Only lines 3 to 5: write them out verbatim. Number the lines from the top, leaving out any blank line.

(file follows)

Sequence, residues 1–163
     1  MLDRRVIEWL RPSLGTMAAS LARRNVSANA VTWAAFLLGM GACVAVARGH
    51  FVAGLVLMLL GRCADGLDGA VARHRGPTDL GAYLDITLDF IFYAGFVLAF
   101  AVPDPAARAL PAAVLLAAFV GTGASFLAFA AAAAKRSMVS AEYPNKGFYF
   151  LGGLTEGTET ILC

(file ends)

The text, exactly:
    51  FVAGLVLMLL GRCADGLDGA VARHRGPTDL GAYLDITLDF IFYAGFVLAF
   101  AVPDPAARAL PAAVLLAAFV GTGASFLAFA AAAAKRSMVS AEYPNKGFYF
   151  LGGLTEGTET ILC